We love leather craft, leather works and original design… this husband and wife duo have incredible talent in their wearable art leather jewelry line. (also available in vegan)
OROPOPO is a husband and wife duo. In their Albuquerque studio they combine new techniques with traditional materials to create objects inspired by Native American, classic Western, and New Mexican culture that breathe new life into American history.
Karole’s professional background is in architecture and structural engineering. The Oropopo name is from her birthplace on the coast of Venezuela. Grady is a native of New Mexico, a writer, and literary editor; he has specialized in desert literature and its aesthetics. Together, they refine a narrative that associates site and culture with contemporary technology.
“We have our own relationship to the land and culture and those indefinable qualities that are New Mexico and the Southwest. If we share anything with the creative work done in this region for thousands of years it would be the tradition of artists trying to make beautiful things that convey a sense of the time and place we inhabit.”
Plumeria is a tradition of artisanal feather-work that evolved from our earliest evidence of the techniques in Meso-america to its height in the 17th century under Spanish Colonial rule. From ceremonial clothing to collage styled artwork the use of feathers for decorative and symbolic purpose is literally woven into the cultural history of the American Southwest.
Over more than a century the exchange of technique and artistic subject matter between the Spaniards and the indigenous people led to the use of feathers as material and accents in all arts and crafts. The universal association of feathers with the freedom of flight and spirituality made its use in Catholic iconography an easy match and let to the spread of artisanal plumeria around the world to royal courts as far away as Prague, China, and Mozambique. The tradition all but disappeared by the twentieth century. A few modern artists in the American Southwest and Northern Mexico have created work inspired by these traditions.
The simplicity of the feather’s shape and its physical lightness will always elicit a sense of mystery and movement. This line is inspired by the evolution of the symbol and the object through our regional culture.
BIJOU BREASTPLATE NECKLACE
Roughly half the size of the Breastplate Necklace
A chevron progression study where the “V” softens from top to bottom. Inspired by Native American bone hairpipe breastplates.
Breastplates had originally been worn ceremonially as a symbol of protection of the spirit and as an expression of personal style and wealth.
FRINGE EARRINGS II
Starting as a functional addition to buckskin, fringe became a western embellishment that was later adopted by flapper girls to accentuate the wild spontaneity of their dancing.
These Fringe earrings borrow from both traditions in a minimalist reimagining of this iconic design element.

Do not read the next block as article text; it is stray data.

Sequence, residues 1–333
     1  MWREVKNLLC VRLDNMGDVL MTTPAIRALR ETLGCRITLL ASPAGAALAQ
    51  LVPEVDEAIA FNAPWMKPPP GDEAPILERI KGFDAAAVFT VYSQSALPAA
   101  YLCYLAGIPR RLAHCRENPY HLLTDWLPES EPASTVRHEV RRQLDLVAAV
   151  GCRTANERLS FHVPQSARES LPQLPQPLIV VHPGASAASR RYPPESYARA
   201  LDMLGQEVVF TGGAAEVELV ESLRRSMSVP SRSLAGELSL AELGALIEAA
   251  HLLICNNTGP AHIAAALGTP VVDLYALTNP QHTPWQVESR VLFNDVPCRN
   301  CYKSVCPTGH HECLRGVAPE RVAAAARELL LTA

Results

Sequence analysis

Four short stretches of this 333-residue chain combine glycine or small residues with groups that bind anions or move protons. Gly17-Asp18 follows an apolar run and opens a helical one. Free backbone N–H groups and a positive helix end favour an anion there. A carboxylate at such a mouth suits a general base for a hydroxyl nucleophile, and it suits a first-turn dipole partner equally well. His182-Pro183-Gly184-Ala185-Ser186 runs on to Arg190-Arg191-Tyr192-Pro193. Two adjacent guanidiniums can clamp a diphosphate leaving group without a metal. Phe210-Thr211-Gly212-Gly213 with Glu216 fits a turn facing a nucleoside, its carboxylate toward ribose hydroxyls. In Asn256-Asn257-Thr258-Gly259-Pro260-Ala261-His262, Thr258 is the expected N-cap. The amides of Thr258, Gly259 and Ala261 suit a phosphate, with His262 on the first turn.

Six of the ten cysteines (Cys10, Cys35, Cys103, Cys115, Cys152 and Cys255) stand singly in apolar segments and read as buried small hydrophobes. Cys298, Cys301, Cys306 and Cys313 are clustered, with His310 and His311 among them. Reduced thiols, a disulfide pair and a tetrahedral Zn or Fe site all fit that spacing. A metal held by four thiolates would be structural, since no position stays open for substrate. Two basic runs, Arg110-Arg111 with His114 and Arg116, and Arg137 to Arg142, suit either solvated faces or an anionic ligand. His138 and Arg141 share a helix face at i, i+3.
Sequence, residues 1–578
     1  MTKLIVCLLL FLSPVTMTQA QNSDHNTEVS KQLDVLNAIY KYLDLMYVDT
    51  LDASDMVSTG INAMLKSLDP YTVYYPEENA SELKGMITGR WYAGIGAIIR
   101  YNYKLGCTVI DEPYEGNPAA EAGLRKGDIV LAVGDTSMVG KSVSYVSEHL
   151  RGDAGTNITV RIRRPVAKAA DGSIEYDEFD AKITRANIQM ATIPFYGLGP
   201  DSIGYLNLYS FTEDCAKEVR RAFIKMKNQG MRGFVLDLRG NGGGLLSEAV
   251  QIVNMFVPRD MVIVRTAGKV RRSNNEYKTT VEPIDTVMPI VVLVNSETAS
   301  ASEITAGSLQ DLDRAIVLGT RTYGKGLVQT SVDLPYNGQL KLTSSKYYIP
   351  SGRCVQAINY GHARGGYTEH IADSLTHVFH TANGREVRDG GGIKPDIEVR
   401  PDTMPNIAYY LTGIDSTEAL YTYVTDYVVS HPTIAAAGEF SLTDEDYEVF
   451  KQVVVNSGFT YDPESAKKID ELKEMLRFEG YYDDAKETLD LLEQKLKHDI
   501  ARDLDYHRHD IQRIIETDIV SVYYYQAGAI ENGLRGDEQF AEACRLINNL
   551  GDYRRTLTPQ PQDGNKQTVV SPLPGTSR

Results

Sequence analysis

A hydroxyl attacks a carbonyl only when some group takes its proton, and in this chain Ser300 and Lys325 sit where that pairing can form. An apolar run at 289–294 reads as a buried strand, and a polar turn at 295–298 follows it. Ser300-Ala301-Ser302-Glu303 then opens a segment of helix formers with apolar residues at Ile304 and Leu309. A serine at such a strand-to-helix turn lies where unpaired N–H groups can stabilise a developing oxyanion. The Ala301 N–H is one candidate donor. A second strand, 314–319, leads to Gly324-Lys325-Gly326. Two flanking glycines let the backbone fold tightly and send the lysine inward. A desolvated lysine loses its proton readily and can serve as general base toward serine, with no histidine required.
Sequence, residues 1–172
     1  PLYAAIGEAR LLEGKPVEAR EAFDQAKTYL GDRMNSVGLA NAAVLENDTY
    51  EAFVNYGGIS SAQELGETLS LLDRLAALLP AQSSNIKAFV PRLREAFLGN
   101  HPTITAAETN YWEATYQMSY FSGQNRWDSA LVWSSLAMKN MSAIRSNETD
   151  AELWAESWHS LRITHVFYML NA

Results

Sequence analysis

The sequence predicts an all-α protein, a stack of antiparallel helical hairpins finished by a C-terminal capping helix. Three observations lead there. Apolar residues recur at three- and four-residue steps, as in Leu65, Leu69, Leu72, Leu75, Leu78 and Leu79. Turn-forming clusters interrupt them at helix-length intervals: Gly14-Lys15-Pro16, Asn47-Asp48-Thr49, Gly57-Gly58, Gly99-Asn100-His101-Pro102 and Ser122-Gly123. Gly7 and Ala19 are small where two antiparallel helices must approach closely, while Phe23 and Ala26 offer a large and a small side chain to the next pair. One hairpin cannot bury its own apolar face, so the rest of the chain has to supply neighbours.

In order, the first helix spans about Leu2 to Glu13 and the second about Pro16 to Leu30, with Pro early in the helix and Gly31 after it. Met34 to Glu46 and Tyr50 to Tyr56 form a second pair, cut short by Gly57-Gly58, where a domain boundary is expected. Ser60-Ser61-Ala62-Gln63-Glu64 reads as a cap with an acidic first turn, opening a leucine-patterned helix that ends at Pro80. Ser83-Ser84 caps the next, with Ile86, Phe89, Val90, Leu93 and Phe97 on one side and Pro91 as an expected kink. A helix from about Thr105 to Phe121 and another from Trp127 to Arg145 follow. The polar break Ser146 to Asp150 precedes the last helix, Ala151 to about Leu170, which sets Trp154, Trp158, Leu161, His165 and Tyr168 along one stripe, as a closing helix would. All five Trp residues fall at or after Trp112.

Only a few icons of the southwest are as inseparable from Western culture as the horse saddle. The image of the cowboy rolling his blanket and tightening the straps on his saddle were instant cues in western movies that a journey was beginning, the doing was about to be done. That distinct u shape with its high pommel and stirrups has evolved over centuries to make a man and horse into a hybrid creature that tamed lands, waged war, and created a uniquely American identity. The Spanish colonials brought horses and saddles to the Southwest. Their design evolved into two styles with a California style of highly decorated and stylized saddles and the Texas/New Mexico style of unadorned working saddles. It is that simpler style that inspires our saddle line with that high pommel and long strands that suggest the classic stirrups.
AREA 51 EARRINGS
In 1947 a crash site near Roswell NM became one of the most well known events of the UFO mythology. It is rumored that the alien technology from that site was taken to the top secret research facility at Area 51 in Nevada. This pendant suggests a mysterious metal form rising into the desert sky through the concentric waves of a shimmering heat mirage.
Dragonflies are venerated everywhere they are found and symbolize a lightness of the soul and agility of the mind. The dragonfly motif is found in the arts and crafts around the world with a unique significance in our Southwest region. When Spanish missionaries introduced symbolic crosses, especially the double-barred cross, they were eventually adapted into a wide variety of patterns including many representations of dragonflies still found in arts and crafts throughout the region.
We introduce our take on this iconic double winged flier. Our recall of spring days and warm summer nights by the Rio Grande is inseparable from the acrobatics and flash of color from our local dragonflies. They are one of the earths earliest fliers, over 300 million years old but their enthusiastic flight and simple silhouettes are utterly timeless.
DOUBLE ORYX HORN NECKLACE
Oryx were introduced into Southern New Mexico’s White Sands Missile Range (Trinity site) in 1969 as exotic big game. Coyotes and mountain lions posed no threat and the Oryx thrived, tipping the balance of the White Sands National Monument’s ecosystem. The stylized image of stark black horns against white gypsum sands is one only conjured up in dreams. I received an Oryx skull with horns from a friend (thanks, Matt) whose father found while walking near White Sands.
New Arrivals at Real NYC Market located at 166 Mulberry Street in NYC. Featuring original, independent artists and designers around the globe.